So far this copyright primer has explained what copyright is, how long copyright exists and the additional steps you can take for copyright protection. This page deals with copyright infringement and what to do about it.
What is copyright infringement?
Legally, copyright infringement occurs when someone does something that falls within the exclusive rights of the copyright holder. The most common type of copyright infringement is copying part or all of a copyrighted work without permission.
The Copyright Act lays out permissible exceptions to copyright infringement in its section on fair dealing. “The Copyright Act provides that any "fair dealing" with a work for purposes of private study or research, or for criticism, review or news reporting is not infringement. However, in the case of criticism, review, or news reporting, the user is required to give the source and the author's, performer's, sound recording maker's or broadcaster's name, if known” (Canadian Intellectual Property Office). If you read the Copyright Act, you’ll notice that there are no specifics about how much of a work can be used for these purposes, such as a particular number of lines or paragraphs.
Notice that “fair dealing” is not the same thing as “fair use”. “The Canadian concept of “fair dealing” should be distinguished from the American concept of “fair use”, as the latter expression is broader in scope and the former restricted to the purposes mentioned in the Copyright Act” (Fair Dealing in Canada, Laurent Carrière, lawyer and trademark agent).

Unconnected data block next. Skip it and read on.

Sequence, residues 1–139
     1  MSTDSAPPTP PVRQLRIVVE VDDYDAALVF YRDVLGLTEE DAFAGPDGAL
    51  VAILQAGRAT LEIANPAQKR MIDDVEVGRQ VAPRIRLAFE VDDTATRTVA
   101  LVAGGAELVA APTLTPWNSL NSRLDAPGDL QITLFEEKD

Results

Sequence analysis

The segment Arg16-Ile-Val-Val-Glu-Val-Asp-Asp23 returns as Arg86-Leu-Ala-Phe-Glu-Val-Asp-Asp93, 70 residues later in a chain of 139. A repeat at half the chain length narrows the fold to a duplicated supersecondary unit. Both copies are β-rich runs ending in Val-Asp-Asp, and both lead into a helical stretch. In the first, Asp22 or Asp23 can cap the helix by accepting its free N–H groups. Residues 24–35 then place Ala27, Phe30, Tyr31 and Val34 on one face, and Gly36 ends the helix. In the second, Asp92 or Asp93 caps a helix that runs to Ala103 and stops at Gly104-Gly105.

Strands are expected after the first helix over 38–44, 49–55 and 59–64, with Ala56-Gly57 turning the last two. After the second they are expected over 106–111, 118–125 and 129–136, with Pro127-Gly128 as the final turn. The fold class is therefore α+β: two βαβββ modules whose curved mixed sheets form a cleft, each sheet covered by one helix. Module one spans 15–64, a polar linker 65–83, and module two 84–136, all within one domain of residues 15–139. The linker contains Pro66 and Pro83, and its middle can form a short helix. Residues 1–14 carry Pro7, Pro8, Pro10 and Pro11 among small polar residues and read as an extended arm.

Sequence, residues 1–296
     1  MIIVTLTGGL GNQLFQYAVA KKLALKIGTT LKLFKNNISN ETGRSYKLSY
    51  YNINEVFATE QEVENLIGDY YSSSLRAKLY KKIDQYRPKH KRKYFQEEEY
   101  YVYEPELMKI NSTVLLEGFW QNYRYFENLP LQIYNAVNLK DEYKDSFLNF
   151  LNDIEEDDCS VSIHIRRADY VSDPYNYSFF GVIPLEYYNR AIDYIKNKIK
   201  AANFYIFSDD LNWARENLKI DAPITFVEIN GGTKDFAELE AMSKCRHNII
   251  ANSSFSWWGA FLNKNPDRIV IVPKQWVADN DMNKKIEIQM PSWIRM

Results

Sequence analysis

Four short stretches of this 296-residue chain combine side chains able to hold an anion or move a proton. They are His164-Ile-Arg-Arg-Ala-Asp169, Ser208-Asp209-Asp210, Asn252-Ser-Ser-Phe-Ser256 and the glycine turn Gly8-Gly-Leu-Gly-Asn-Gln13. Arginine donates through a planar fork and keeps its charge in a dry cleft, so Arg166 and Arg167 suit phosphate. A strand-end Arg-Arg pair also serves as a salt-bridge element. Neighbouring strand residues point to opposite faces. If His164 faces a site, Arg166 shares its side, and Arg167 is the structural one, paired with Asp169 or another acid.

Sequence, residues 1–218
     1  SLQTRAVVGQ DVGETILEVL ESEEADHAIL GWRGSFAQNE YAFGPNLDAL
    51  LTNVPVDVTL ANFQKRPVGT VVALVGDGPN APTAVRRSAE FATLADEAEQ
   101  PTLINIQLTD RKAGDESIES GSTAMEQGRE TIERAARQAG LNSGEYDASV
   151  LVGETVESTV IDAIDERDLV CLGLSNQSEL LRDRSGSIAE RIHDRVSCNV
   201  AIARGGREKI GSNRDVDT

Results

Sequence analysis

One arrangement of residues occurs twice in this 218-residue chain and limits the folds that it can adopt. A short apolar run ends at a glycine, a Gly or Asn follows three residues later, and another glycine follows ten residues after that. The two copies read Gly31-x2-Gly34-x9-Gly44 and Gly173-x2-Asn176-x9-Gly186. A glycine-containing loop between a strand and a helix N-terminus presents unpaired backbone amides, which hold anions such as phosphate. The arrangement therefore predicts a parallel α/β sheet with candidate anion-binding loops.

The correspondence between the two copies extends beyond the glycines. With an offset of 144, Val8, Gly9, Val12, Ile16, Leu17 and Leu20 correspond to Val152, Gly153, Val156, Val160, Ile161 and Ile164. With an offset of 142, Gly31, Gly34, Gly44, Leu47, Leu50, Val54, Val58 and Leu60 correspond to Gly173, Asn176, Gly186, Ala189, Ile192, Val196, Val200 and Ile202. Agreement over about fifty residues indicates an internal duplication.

The Copyright Act also makes exceptions for particular classes of users. Non-profit educational users and non-profit libraries, archives and museums, for instance, have exceptional “rights to copy”, subject to certain restrictions. (See the Copyright Act for details.)
What are the remedies for copyright infringement?
In the best case scenario, when copyright infringement occurs, action such as a cease and desist letter solves the problem. However, if the parties involved can’t reach an amicable settlement, it may be time to take the offenders to court. “Remedies for copyright infringement include awards of damages or injunctions to prohibit infringing conduct. Copyright owners can opt to receive damages based on actual damages suffered, including lost profits, or prescribed statutory damage amounts. In addition, the Copyright Act creates criminal offences and imposes penalties which include, for indictable offences, fines of up to $1 million and imprisonment for a maximum of five years” (IPIC).
In summary, copyright protection is automatic in Canada when you create an orginal work. However, because there are so many people who copy works without permission, you may want to take additional steps to let them know your work is copyrighted. After all, policing your copyright rights is up to you.